Linn, of the school's 1929 graduating class, is currently the oldest living graduate of the university. Saturday will mark her 100th birthday and will see her milestone recognized with a party in the fellowship hall of Bartow Cumberland Presbyterian Church, Highway 140, Rydal. The event will run from 2:30 to 5 p.m.
"I feel very blessed," said Linn, who is the third member of her family to reach 100 -- her mother and sister both lived to be 102. "God has just let me live this long. I never dreamed of doing it."
Though Linn will not be on the campus to celebrate with other alums, the college and its supporters will be represented at her birthday party. JoEllen Wilson, the college's vice president of Institutional Advancement and External Affairs, will be at the party to present her with a proclamation that states she will have a scholarship created in her name.
"Every year, Reinhardt chooses an honoree to name a scholarship for. Jenny Tonsmeire had suggested interviewing her, and then after interviewing her, we just felt it was a perfect fit because she had taught so many people in this area for so long, that we felt like a lot of people would want to give in her honor," said Jennifer Wiggins Matthews, director of alumni for Reinhardt University, who added that the total amount of the scholarship has yet to be determined as donations are still being received and will continue to be taken.
"Her whole life has been about education, therefore, we're turning around and giving this money that people have given in the name of education so other students can continue their career at Reinhardt," Matthews added.
Linn's studies led her to a 44-year career in teaching, which began at the age of 19 in Taylorsville. "I had students the same age I was," she said of her first year in the field.
Linn would also teach at the Pine Log School and Adairsville High School before making it to Fairmount High School, where she would retire in 1974. "I would have taught longer, but I had to take care of my mother," she said, adding that history and American government were the subjects she taught for most of her career.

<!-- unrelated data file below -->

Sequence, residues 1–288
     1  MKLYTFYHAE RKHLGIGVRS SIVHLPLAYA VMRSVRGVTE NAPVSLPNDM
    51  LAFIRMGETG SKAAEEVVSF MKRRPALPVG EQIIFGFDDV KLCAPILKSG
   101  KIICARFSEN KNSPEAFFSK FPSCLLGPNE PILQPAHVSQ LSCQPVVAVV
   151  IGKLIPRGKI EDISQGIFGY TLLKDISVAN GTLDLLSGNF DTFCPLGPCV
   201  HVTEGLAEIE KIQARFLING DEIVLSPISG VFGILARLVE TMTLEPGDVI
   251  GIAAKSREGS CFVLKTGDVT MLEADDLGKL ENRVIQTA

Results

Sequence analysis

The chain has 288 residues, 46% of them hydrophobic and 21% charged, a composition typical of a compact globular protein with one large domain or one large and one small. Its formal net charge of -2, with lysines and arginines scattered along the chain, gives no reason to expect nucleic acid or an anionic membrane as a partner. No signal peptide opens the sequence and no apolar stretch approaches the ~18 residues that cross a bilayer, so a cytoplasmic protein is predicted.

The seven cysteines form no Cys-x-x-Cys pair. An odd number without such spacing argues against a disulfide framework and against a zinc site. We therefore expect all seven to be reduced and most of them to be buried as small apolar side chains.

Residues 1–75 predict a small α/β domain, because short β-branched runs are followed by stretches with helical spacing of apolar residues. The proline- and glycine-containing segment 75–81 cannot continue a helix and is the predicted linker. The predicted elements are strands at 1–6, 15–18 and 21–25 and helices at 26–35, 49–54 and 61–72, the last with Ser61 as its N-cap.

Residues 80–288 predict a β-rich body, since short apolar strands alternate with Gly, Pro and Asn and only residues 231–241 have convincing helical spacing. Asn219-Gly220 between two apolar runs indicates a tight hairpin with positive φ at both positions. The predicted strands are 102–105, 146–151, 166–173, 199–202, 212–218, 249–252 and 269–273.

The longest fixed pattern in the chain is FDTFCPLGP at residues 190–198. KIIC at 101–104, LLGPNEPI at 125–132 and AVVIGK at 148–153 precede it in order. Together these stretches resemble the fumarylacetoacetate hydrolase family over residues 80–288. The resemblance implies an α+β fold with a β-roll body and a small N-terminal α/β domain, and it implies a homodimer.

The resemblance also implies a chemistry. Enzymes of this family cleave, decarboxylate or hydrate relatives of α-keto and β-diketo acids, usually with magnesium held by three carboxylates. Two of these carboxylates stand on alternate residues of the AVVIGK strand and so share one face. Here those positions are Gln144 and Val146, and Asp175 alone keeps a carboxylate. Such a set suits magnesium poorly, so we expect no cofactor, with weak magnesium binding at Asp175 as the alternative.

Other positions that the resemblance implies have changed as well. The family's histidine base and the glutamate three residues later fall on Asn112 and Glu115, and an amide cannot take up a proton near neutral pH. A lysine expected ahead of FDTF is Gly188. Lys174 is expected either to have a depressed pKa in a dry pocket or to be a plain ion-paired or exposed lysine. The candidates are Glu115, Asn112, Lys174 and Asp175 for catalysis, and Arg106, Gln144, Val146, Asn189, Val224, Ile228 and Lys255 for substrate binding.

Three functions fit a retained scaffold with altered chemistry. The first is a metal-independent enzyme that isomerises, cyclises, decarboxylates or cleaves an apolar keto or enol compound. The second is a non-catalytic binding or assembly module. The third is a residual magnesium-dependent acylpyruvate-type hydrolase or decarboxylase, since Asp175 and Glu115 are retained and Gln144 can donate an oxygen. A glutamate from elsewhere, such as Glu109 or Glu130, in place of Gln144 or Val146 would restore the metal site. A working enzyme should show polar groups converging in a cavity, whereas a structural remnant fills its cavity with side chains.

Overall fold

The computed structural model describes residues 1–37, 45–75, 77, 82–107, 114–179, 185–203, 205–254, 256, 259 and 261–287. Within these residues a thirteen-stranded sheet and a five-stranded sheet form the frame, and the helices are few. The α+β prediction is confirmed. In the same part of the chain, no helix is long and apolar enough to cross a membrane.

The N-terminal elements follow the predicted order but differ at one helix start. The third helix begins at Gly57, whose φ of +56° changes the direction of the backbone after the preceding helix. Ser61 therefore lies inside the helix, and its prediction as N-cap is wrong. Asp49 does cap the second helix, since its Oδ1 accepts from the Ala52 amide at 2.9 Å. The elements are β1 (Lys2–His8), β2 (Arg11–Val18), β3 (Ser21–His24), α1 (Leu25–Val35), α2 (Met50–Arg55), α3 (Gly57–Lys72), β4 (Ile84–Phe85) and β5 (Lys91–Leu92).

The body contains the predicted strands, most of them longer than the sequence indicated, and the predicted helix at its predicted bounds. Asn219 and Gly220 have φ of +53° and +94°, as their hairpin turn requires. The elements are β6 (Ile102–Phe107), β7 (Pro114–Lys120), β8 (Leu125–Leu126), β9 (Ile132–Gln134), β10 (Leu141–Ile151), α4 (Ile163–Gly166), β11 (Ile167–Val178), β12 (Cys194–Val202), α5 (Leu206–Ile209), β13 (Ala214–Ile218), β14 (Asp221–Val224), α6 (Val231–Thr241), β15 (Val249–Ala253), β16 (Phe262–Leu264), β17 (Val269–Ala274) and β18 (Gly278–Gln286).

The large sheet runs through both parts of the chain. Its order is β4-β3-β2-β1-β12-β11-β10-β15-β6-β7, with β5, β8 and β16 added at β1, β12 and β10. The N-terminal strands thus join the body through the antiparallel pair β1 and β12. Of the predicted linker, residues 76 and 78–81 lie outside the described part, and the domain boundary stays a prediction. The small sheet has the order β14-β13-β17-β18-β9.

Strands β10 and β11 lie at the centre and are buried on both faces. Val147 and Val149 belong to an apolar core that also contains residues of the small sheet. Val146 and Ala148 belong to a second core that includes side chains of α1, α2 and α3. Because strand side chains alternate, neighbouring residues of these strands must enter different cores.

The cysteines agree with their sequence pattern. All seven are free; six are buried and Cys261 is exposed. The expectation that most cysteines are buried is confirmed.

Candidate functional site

"I think what got me hooked on history -- I think it was sixth grade -- we had a history book called 'Old Europe and Young America,' and I thoroughly enjoyed it. I decided then that's what I wanted to do," Linn said. "The early days, I taught a little bit of anything. Whenever an extra teacher was needed, why, you filled in. I even taught second-year algebra one year.
"I liked to know my material that I was teaching and know my students. You put the two together, and you have a fair blessing," she added about what she enjoyed about her long career in education.
Linn's history with the Cherokee County college began at the age of 10 when she enrolled in the fourth grade at Reinhardt Academy after moving from Pine Log to Waleska, which was spelled "Walesca" at the time. Reinhardt was then an elementary, middle and high school and college.
"Grammar school, or elementary school, was in the basement -- it was one big building -- and high school and college was upstairs, so you just worked your way up," Linn said. "We were fortunate in high school because we had the same teachers as the college. That gave us a little advantage."